Last Thursday, the “ad hoc committee” recently convened by the Community Services District Board met to explore the possibility of city-style incorporation for the Anderson Valley.
In a nutshell: It’s not easy.
In 1969, the “village” (town) of Mendocino tried to incorporate.
Voters said no, narrowly.
Incorporation advocates tried again in 1982 and again in 1988.
Nope. Narrow defeats again.
Opponents argued that incorporation wasn’t really justified, that it only added another layer of government bureaucracy and that it would cost people more tax money. However, each time incorporation came up for a vote, proponents submitted reputable analyses that showed the opposite — that incorporation not only saved money, but improved local services.
In 2003, the Governor’s “Office Of Planning And Research” issued “Incorporation Guidelines” which have to be met even before incorporation can be voted on. The Guidelines require that each county’s LAFCO (Local Agency Formation COmmission) must approve the proposal before a vote.
“A complex process” that “must meet legal requirements.” Proposals must be “fiscally feasible” because incorporation itself “is expensive” and the tens of thousands of dollars that are typically spent to bring the question to a vote would be wasted if the proposal is defeated at the polls — as it was those three times Mendocino took it to a vote.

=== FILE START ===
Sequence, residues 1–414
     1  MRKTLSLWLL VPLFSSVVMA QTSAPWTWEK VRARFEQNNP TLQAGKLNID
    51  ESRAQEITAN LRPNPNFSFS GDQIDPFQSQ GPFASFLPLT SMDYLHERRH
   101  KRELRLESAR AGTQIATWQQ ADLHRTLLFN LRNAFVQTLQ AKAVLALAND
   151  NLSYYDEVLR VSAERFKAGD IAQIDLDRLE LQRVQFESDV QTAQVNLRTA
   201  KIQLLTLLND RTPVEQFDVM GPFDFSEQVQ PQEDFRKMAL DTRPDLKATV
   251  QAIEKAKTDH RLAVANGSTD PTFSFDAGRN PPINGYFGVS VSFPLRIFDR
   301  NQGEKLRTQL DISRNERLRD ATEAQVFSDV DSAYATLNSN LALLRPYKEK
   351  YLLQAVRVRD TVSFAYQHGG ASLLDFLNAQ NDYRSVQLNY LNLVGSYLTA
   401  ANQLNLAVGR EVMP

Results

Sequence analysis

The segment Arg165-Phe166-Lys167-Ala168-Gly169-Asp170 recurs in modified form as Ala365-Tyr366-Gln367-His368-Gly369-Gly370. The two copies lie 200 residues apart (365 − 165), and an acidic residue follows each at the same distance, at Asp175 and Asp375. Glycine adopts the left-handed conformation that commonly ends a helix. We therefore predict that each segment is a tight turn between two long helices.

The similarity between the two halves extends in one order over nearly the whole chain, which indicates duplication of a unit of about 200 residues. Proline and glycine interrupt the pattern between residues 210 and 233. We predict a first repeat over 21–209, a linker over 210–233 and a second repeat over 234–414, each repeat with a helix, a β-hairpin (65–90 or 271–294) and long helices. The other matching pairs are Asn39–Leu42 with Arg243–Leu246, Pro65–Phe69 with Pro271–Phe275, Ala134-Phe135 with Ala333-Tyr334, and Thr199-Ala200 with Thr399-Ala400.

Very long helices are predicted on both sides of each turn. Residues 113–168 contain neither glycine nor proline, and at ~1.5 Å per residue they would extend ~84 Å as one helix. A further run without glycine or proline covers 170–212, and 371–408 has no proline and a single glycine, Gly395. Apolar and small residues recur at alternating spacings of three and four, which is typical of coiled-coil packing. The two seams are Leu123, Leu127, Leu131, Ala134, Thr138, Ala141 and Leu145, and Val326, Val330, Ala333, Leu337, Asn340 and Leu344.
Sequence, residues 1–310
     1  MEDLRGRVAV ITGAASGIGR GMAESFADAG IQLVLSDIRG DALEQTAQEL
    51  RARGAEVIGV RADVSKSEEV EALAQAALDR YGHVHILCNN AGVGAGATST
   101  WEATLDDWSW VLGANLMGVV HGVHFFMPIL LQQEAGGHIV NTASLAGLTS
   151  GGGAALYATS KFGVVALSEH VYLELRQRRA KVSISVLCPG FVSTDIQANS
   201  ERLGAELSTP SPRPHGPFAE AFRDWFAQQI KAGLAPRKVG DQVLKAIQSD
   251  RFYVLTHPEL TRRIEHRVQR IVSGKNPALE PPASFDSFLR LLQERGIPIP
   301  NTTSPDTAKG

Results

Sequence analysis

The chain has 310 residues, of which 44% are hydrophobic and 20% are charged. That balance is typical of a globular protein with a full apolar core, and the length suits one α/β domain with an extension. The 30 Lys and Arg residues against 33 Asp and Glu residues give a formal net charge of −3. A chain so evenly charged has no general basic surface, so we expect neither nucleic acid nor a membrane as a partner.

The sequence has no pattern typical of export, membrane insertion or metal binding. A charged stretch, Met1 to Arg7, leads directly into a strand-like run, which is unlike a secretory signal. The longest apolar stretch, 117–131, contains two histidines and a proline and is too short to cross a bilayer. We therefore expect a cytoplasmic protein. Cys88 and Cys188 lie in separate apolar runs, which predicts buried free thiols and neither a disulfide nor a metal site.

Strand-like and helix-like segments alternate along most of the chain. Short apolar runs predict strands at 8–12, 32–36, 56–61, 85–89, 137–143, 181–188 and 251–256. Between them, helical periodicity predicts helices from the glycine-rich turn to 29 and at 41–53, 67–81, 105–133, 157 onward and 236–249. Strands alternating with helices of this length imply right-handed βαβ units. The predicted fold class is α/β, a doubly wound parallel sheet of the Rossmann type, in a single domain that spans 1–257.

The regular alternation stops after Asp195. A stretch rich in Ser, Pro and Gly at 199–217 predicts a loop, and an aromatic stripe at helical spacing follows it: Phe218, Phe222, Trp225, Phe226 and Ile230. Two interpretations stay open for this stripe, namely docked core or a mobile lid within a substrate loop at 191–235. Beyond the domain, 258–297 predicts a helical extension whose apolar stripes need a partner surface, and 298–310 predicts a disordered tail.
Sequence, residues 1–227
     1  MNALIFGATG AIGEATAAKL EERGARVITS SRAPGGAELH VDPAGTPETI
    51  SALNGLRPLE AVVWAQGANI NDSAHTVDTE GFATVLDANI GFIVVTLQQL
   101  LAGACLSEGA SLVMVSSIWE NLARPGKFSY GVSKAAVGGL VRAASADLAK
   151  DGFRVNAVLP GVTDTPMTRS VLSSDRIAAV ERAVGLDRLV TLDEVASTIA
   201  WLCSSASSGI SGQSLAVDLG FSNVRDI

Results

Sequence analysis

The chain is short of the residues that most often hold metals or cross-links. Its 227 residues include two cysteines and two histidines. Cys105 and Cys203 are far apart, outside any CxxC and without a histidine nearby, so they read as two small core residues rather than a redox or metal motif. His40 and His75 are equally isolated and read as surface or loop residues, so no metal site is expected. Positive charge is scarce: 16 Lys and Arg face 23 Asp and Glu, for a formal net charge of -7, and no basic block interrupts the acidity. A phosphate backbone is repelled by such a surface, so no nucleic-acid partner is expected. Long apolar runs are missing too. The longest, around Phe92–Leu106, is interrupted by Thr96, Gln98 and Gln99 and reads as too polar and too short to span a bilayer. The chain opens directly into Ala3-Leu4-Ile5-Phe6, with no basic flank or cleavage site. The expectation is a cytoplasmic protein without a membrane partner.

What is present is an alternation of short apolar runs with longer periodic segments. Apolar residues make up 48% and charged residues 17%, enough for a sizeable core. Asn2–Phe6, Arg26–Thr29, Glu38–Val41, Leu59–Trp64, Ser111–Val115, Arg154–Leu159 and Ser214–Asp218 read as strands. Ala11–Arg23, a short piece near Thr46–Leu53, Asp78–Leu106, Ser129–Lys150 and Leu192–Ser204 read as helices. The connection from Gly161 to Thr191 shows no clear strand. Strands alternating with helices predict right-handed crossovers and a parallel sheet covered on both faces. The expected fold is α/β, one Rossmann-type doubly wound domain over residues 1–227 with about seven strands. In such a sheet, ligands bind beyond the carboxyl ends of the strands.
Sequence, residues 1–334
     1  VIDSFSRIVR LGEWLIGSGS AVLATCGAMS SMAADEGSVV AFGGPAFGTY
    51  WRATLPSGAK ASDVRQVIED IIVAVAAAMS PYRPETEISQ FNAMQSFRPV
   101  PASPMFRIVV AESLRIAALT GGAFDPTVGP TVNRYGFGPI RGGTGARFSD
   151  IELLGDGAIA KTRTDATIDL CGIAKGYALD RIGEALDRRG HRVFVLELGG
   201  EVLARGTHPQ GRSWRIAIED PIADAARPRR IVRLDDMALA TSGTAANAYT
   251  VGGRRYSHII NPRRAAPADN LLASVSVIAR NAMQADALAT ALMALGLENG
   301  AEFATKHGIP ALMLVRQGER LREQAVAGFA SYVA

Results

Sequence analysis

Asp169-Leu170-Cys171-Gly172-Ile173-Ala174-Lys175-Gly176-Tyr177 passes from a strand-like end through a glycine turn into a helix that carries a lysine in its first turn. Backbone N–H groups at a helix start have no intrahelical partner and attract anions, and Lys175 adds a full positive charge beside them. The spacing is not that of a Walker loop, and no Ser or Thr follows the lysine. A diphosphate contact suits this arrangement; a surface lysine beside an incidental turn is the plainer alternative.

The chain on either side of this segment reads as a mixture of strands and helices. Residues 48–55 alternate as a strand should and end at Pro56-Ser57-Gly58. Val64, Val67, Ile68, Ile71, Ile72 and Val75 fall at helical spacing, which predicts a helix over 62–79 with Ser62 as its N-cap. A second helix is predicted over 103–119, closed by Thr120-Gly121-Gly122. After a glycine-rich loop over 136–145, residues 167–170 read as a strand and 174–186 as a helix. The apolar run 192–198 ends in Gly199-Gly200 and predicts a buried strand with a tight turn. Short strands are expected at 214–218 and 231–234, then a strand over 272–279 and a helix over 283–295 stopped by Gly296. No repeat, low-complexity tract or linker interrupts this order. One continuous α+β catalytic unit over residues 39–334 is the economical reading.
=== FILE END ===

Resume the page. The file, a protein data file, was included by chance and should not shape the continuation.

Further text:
Consultants and lawyers are typically involved, signatures must be gathered, strict time limits apply, reams of paper and analysis must be prepared (aka “an application”) — all of that just so that LAFCO can be given something to nitpick before it even reaches the ballot.
Then there are public hearings, elections, and more incorporation paperwork on the off-chance that more than 50% of voters approve.
And each County LAFCO can impose additional rules if they feel like it. (The LAFCO Board is made up of elected people from the County of Mendocino and the County's already incorporated cities, including the City of Point Arena.)